Heart Failure

Lowering Your Risk

Preventing Heart Failure

There are a number of things you can do to reduce the risk for coronary artery disease and heart failure. These things include

  • keeping your cholesterol levels healthy
  • keeping your blood pressure at a normal level
  • managing diabetes
  • maintaining a healthy weight
  • quitting smoking
  • limiting the amount of alcohol you drink
  • following a heart healthy diet
  • limiting the amount of sodium (salt) you consume
  • getting regular exercise
  • avoiding using illegal drugs.

Keep Your Cholesterol Levels Healthy

Keeping your cholesterol levels healthy can help prevent coronary artery disease.

Your goal for LDL, or "bad," cholesterol, depends on how many other risk factors you have. Risk factors include

  • being a cigarette smoker
  • having high blood pressure
  • having low HDL cholesterol
  • being 45 or older if you are a man and 55 or older if you are a woman
  • having a close relative who had coronary artery disease at an earlier-than-usual age (before age 55 for male relatives and before age 65 for female relatives).

Recommended LDL Cholesterol Goals

  • If you don't have coronary heart disease or diabetes and have one or no risk factors, your LDL goal is less than 160 mg/dL.
  • If you don't have coronary heart disease or diabetes and have two or more risk factors, your LDL goal is less than 130 mg/dL.
  • If you do have coronary heart disease or diabetes, your LDL goal is less than 100 mg/dL.
  • The goal for HDL, or "good," cholesterol is above 40 in men and above 50 in women.
  • The goal for triglycerides, another fat in the blood, is below 150.

Learn how to control your cholesterol with TLC -- Therapeutic Lifestyle Changes.

Keep Blood Pressure at a Normal Level

High blood pressure causes the heart to get larger and work harder, which can then lead to heart failure. You should aim for a blood pressure level of 130/80 or below. Talk to your doctor about ways to lower your blood pressure.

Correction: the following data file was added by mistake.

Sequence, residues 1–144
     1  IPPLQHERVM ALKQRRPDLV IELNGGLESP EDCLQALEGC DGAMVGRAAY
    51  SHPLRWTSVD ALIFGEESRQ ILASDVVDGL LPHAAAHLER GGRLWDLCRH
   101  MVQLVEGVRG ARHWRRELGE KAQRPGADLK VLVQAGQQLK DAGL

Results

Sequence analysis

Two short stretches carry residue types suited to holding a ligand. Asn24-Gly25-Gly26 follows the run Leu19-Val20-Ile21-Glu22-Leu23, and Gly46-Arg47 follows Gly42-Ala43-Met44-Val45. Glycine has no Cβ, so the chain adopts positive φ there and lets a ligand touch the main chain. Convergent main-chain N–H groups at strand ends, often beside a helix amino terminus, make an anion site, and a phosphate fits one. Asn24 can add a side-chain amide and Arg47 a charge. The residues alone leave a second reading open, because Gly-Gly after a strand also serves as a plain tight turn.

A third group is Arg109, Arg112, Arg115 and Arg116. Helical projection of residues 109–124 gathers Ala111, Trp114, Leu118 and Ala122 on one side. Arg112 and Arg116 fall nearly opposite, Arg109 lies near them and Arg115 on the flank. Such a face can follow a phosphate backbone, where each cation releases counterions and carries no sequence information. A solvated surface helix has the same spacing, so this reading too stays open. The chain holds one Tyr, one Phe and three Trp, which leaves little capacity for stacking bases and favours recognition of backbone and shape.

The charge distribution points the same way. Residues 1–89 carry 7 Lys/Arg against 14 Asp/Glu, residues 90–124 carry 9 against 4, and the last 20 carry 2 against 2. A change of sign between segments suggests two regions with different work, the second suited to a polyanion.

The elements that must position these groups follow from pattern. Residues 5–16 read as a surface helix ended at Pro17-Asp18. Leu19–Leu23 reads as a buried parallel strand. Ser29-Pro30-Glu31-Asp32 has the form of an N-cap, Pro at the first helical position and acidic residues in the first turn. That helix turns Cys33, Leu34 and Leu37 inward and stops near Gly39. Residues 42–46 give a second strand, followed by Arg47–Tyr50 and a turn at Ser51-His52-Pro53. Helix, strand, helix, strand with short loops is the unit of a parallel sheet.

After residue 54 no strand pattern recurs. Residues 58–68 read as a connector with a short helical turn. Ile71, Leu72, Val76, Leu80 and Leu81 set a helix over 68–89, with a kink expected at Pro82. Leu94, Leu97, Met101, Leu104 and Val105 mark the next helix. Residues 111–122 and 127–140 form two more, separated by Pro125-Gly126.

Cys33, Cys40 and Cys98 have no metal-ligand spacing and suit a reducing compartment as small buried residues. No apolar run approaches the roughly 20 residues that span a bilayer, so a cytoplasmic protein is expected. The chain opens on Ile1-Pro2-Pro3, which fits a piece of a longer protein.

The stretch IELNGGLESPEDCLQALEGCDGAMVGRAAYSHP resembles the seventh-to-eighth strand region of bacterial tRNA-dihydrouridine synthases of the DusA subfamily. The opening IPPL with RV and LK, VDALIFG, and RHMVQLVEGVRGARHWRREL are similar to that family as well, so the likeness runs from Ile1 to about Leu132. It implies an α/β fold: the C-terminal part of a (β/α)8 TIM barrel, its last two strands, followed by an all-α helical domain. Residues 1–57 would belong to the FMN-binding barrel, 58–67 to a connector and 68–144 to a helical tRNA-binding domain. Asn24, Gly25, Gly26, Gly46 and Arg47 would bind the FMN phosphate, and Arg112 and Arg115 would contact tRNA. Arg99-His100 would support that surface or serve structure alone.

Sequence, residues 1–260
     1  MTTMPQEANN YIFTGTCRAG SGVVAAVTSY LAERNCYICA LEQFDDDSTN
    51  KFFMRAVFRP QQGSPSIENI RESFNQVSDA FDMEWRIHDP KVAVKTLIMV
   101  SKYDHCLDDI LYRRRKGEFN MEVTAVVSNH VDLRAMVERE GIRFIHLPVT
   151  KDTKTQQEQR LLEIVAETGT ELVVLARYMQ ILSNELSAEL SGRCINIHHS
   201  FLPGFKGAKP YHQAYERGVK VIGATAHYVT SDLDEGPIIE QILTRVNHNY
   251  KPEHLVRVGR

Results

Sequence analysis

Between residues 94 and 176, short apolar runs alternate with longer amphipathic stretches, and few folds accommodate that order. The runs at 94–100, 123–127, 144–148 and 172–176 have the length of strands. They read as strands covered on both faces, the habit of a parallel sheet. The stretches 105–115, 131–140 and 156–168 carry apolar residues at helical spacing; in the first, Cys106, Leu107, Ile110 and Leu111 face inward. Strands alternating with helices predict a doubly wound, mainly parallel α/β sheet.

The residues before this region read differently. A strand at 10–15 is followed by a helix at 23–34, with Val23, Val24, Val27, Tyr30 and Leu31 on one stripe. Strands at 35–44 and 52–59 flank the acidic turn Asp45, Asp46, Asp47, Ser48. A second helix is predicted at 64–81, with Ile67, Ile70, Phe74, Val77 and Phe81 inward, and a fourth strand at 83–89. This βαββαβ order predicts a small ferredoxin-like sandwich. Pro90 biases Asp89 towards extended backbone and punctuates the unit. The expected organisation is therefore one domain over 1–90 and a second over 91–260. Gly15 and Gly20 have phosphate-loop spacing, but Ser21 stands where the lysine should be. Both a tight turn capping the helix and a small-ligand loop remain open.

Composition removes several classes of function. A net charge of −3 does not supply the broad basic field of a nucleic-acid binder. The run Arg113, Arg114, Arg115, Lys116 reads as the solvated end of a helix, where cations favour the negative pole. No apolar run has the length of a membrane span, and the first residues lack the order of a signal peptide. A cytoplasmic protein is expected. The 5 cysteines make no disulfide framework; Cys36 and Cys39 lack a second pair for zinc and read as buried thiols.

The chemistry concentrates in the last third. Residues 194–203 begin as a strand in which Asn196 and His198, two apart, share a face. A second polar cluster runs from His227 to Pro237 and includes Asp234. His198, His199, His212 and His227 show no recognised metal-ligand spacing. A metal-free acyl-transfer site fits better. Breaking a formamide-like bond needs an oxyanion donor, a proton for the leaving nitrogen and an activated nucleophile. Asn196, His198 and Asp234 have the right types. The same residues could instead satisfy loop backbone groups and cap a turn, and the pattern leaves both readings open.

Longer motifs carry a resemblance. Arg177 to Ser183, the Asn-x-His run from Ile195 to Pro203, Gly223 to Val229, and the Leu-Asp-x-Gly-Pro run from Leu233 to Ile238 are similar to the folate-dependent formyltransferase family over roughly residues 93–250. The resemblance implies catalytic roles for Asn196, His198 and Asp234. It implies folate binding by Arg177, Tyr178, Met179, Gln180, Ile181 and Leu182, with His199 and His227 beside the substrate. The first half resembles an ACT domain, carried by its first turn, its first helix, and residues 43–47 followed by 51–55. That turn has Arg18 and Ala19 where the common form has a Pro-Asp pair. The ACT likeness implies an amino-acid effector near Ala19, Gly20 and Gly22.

Get tips on how to control your blood pressure.

Manage Diabetes

If you have diabetes, it’s important to manage it properly. Diabetes is characterized by having too much glucose, or sugar, in the blood for a long time. This can cause heart problems because high blood glucose can damage parts of the body such as the heart and blood vessels. This damage weakens the heart, often leading to heart failure.

See ways to manage your diabetes every day.

Maintain a Healthy Weight

Excess weight puts strain on the heart. Being overweight also increases your risk of heart disease and type 2 diabetes. These diseases can lead to heart failure.

See a sensible approach to weight loss.

Don't Smoke

If you smoke, quit. For free help quitting, call a smoking quit line.

See medications to help you quit.

Follow a Heart Healthy Diet

Heart-healthy foods include those high in fiber, such as oat bran, oatmeal, whole-grain breads and cereals, fruits, and vegetables. You can also maintain a heart-healthy diet by limiting foods that are high in saturated fat, trans-fat, and cholesterol, such as meats, butter, dairy products with fat, eggs, shortening, lard, and foods with palm oil or coconut oil.

For more on healthy eating, see Eating Well As You Get Older.

Limit the Amount of Alcohol You Drink

In general, healthy men and women over age 65 should not drink more than three drinks a day or a total of seven drinks a week.

Learn how alcohol affects you as get older.

Limit the Amount of Sodium

Sodium contributes to high blood pressure and fluid retention. Older adults should limit their intake of sodium to1,500 milligrams daily (about 2/3 tsp. of salt).

See ways to cut back on your salt intake.

Get Regular Exericse

Studies show that people with heart disease, diabetes, and high blood pressure benefit from regular exercise. In fact, inactive people are nearly twice as likely to develop heart disease as those who are more active. Aim for at least 30 minutes a day of exercise. Check with your doctor before starting any exercise program.

For information on exercise and older adults, see Benefits of Exercise or visit Go4Life®, the exercise and physical activity campaign for older adults from the National Institute on Aging.